The other day I was chatting with a friend of mine who commented on some article he had read on vice dens of the 1930s-1950s. He remarked that popular perceptions of the era as culturally conservative are out-of-whack since people then plainly engaged in precisely the same shenanigans they do today. This is true – and not. There is always vice. Yet there is a difference across time and cultures including in what things to designate as vice. Actually, “across time” is “across cultures.” LP Hartley: "The past is a foreign country: they do things differently there."
The difference lies in the centerline of the bell curve. In any era there are folks on one tail of the curve who are more dissolute than the norm and there are folks on the opposite tail who are more reserved than the norm. So, you can find a wild child and a puritan in any time and place, but the central bulge of the curve, where most folks reside, really does shift one way or the other over time. The 1970s really were wilder than the 80s (I remember both decades well), which in turn were both more liberal and more conservative than today, depending on the particular vice in question.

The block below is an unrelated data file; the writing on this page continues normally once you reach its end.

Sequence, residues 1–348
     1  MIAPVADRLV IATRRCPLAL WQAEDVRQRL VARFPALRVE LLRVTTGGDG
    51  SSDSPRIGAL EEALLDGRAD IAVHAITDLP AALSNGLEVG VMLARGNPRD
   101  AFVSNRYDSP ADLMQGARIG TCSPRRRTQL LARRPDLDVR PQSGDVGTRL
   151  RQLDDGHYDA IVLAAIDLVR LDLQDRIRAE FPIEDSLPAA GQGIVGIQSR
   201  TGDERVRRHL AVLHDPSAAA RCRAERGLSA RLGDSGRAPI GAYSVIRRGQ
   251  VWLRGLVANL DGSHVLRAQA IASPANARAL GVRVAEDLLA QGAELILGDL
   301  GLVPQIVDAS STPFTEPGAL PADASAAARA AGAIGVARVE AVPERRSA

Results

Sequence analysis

Whatever one thinks of the events of 2016, one vice which almost everyone agrees was much in evidence was incivility – in particular a demonization of anyone with opposing views. We tend to see the flaw primarily in those on the opposite side of any issue from ourselves, but we all see it at least there. Yet, to demonize others, we have to be pretty sure of ourselves as being on the side of the angels. For this reason, I can’t help wondering if such demonization somehow related to the so-called “narcissism epidemic,” which is also widely acknowledged as a feature of our time: see The Narcissism Epidemic: Living in the Age of Entitlement by Jean M. Twenge and W. Keith Campbell. We (and our compadres) are extraordinary, are we not? Counterintuitively, a search of the term “low self-esteem epidemic” turns up as many hits as “narcissism epidemic.” Perhaps this is not so strange. The effort to maintain an image of oneself as extraordinary is bound to run aground on the shoals of reality with some frequency, so perhaps the two are natural partners. If you want to test your own narcissistic tendencies by the way, a test for them can be found at http://personality-testing.info/tests/NPI/. A score over 20 (out of 40) indicates a need to bake some humble pie.
Of course, maybe we are extraordinary people and you’re not. The odds are against it though. Maybe this is one bell curve on which one should flee the bulge for the cautious tail. I feel a New Year’s resolution coming on: I’ll try more often to cultivate the notion that I could be wrong – including about everything in this particular blog.
Garbage – Not Your Kind of People